As 12.30 fast approaches the UK’s renewable industry is sat wondering if the self-dubbed ‘greenest Government ever’ will live up to our high expectations during the Budget 2011. Before anything official is announced, here are a couple of things I’ll be keeping an eye out for.
The Green Investment Bank (GIB) is supposed to play an integral role in kick-starting the UK towards a low carbon infrastructure. Originally suggested by the Conservatives and Liberal Democrats, the GIB has now become part of the Coalition’s pledge. Several environment audit committee MPs have since articulated that the industry requires an independent bank that can borrow and issue bonds.
However, the Treasury officials been fairly against the bank, as they have not wanted to let go of the control the Treasury currently has over Government borrowing. The Treasury has also claimed that a GIB would only add to the national debt; a point that has caused a lot of controversy in the renewables industry. The latest prediction here is that the GIB will be able to borrow, but not till 2015.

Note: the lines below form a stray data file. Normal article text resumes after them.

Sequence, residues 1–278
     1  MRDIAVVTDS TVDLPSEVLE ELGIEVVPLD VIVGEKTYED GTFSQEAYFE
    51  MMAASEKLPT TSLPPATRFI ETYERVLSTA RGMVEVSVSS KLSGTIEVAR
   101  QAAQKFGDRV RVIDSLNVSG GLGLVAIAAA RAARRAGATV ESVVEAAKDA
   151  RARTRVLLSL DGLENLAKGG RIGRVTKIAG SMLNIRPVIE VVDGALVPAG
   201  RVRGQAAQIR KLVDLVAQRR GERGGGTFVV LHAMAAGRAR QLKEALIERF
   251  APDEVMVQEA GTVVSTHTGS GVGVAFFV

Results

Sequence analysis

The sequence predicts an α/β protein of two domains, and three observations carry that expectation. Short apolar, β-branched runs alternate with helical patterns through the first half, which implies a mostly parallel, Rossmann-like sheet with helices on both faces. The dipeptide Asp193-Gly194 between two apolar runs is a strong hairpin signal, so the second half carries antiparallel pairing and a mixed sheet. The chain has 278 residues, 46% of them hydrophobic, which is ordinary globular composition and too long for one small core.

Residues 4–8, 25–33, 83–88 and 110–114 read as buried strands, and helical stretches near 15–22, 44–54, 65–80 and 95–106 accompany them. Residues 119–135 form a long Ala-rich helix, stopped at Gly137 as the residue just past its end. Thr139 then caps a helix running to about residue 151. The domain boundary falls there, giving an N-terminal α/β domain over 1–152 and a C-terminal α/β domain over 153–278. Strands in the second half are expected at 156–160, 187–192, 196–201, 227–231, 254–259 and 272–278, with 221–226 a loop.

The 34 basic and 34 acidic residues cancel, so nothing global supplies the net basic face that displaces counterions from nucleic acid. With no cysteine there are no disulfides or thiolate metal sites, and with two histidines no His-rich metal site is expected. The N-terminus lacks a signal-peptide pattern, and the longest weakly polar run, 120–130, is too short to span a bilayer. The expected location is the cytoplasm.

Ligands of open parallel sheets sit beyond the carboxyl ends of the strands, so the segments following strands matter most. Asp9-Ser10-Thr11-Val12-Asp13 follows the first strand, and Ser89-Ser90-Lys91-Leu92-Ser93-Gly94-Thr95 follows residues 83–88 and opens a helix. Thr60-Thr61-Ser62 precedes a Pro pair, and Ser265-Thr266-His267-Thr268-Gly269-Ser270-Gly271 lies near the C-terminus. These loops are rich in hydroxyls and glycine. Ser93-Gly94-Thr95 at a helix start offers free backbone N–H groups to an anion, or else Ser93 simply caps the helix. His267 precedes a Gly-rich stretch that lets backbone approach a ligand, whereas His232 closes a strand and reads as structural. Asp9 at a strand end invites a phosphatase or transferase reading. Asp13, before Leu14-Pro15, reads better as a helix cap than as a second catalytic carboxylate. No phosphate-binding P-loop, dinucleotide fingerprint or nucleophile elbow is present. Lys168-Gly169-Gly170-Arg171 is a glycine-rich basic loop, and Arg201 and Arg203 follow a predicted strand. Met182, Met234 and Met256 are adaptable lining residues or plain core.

Another point to look out for in the Budget 2011 is the Department of Energy and Climate Change (DECC) ‘Green Deal’. At present it seems that only the cheaper energy efficiency measures such as cavity wall insulation will pass the green deal's test, in which the cost savings in home energy bills must be more than the loan repayments.
Lastly, further simplification of the carbon reduction commitment (CRC) is expected today. Last budget, the Government simplified this commitment by turning it from a potential incentive into a tax.
A full report on all things green will be published post budget, log on later to find out more.